“Captain Phillips” Movie Review

     Director Paul Greengrass has made a habit of delivering pulse pounding action films with both a frenetic style as well as the substance necessary to elevate these films to the upper echelon of awards hopefuls.  He continually topped himself while helming “The Bourne Supremacy” and “The Bourne Ultimatum” and demonstrated true mastery of his craft with the tragic 9/11 film “United 93”.  His latest film is “Captain Phillips”, starring Tom Hanks, a sure fire Oscar contender that will undoubtedly catapult Greengrass to the top of the A list with it’s life like portrayal of the real life Captain’s ordeal when he was kidnapped by Somali Pirates in 2009.  The events of the picture were well documented by news outlets at the time, so many viewers will likely remember the details, as well as the outcome.  In some ways this may leave some thinking the film will be similar to knowing the ending of “Titanic” before they entered the theater, but like that film, “Captain Phillips” is anchored by an Oscar worthy performance by it’s lead and the realistic vision of it’s director.

     Working from a screenplay by Billy Ray (“The Hunger Games”) and adapted from Richard Phillips book “A Captain’s Duty: Somali Pirates, Navy SEALS, and Dangerous Days at Sea”, Greengrass opens the film with an interesting comparison meant to shed light on the differences between what is taken for granted in the United States and what can only be dreamed about in less fortunate countries.  While driving to the airport, Phillips (Hanks) and his wife (Catherine Keener) are talking about their kids and how they worry if they will be able to get a job and someday make a living in much the same way they have.  They cite the fact the world is significantly more competitive then it was when they were young and just starting out and how fifty people typically compete for one job.  Generally speaking, they are conveying to one another how difficult life may become for the up and coming generations.

     Greengrass then shifts the location to a small village in Somalia where it’s inhabitants live below any acceptable poverty line, sleeping in mud huts and likely most concerned about when they might get their next meal.  When a local crime lord arrives and is looking for men to participate in a series of boat thefts, dozens volunteer, most appearing to be in their late teens and each armed with assault rifles.  Once they are chosen, the groups set out to sea in run down fishing boats, looking for their next victim and a potential payday.  This framework sets up the standard “haves” versus “have nots” scenario with a group of pirates whose desperation means they are willing to risk anything to succeed.  The Somalis are played by a group of non actors who answered a casting call and were hired with no formal experience.  Each does a fine job, led by Barkhad Abdi, who plays the groups’s leader, Muse.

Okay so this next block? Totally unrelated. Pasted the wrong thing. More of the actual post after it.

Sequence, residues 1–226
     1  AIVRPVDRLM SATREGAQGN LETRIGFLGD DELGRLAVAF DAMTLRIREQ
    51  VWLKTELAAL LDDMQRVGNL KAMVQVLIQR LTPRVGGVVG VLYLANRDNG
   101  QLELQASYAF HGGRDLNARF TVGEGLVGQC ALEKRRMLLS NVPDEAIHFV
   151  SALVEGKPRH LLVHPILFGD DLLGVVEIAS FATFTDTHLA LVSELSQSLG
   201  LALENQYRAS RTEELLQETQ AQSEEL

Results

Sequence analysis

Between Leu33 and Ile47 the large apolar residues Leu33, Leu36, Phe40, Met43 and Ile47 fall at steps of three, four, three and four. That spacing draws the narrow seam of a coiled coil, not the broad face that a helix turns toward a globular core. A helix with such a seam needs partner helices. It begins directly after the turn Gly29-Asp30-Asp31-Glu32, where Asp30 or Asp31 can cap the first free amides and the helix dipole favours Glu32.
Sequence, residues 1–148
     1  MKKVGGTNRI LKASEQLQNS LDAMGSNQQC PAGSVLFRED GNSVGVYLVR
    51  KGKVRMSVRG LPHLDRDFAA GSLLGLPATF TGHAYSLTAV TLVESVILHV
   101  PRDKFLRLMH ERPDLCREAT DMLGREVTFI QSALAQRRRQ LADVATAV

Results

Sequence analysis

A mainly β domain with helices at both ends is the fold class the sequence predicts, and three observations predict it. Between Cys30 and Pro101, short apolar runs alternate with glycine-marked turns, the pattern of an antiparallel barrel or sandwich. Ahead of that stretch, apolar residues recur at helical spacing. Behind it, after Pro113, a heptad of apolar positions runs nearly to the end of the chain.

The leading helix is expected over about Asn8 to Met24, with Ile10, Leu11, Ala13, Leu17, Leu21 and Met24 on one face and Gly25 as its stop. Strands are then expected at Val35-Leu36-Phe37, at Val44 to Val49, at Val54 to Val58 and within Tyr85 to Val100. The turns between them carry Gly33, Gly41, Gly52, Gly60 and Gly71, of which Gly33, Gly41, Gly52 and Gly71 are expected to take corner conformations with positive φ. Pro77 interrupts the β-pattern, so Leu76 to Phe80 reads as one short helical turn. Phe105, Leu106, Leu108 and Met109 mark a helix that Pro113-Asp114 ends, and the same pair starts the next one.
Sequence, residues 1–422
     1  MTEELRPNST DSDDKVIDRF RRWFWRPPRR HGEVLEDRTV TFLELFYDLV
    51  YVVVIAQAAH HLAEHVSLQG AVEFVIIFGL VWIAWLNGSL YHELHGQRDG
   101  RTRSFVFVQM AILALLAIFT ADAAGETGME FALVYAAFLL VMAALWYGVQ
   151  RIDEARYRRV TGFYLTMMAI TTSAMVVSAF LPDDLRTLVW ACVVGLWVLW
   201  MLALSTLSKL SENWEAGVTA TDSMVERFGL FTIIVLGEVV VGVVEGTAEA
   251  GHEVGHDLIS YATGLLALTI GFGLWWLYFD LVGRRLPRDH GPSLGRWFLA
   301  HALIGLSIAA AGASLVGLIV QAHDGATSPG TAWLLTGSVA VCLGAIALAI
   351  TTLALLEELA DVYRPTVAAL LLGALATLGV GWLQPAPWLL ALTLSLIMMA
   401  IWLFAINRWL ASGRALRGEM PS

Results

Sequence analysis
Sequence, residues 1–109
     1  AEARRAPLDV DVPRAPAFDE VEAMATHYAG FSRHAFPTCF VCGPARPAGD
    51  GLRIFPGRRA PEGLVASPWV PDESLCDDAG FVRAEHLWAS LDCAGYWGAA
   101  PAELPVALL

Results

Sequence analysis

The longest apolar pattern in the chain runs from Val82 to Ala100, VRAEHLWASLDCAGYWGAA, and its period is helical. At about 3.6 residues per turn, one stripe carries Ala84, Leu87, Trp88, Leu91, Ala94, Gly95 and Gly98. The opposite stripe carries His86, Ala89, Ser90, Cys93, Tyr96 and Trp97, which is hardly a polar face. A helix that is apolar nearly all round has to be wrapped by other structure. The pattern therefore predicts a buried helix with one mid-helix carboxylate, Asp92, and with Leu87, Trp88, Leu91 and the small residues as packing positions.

Phillips is the Captain of a large cargo ship traveling dangerously close to Somali waters.  When Phillips and his crew spot one of these suspicious fishing boats on their tail, they call for help but are largely ignored.  Ingenuity saves them the first time, but these Pirates are persistent and ultimately are able to board the ship with relative ease, as the ship’s personnel are simply not trained or prepared to deal with AK-47 toting Pirates.  Phillips and his bridge crew are taken hostage in a series of intense scenes in which a virtually defenseless crew succumbs to the armed Pirates who’s intent is to rob the ship of it’s valuables. 

     When a group of hidden crew members are able to thwart Muse’s plan to search the ship, the Pirates react by taking Phillips hostage and escape the ship via a high tech life boat.  This sets in motion the third act which leaves Phillips trapped in the small craft with his  four captors and the Navy in pursuit.  Greengrass stages the various attempts at negotiation and rescue with all of the epic skill you would expect from a massive production like this.  These sequences are part military procedural mixed with the harsh realities of what these Pirates are willing to do in order to get their money.  Essentially what you have is hostage/barricade situation that is dealt with on nearly a daily basis by law enforcement agencies everywhere, only rather than the structure being on land, it’s in the middle of hostile waters.  The procedures are the same as the decision makers follow a series of common hostage negotiation tactics before opting to use any kind of force.  The resulting outcome is already known, but the scenes leading up to the final solution are fiercely intense and well acted by all involved, especially Hanks.  The SEAL team that puts an end to the situation does so with the razor sharp precision one would expect given their worldwide reputation.

     Once Phillips is retrieved, a scene in a Navy ship’s infirmary was shot to convey the aftermath of a rescued victim who has endured a grueling hostage situation and the steps the medical staff take to calm and treat the victim.  This scene very well could decide this year’s Best Actor race as Hanks delivers the most harrowing depiction of a person suffering from shock that you will ever see in a film.  Hanks delivers a virtuoso performance throughout, but he really nails this scene and brings to frightening conclusion a realistic portrayal of one of the most talked about news stories in our recent history. GRADE: A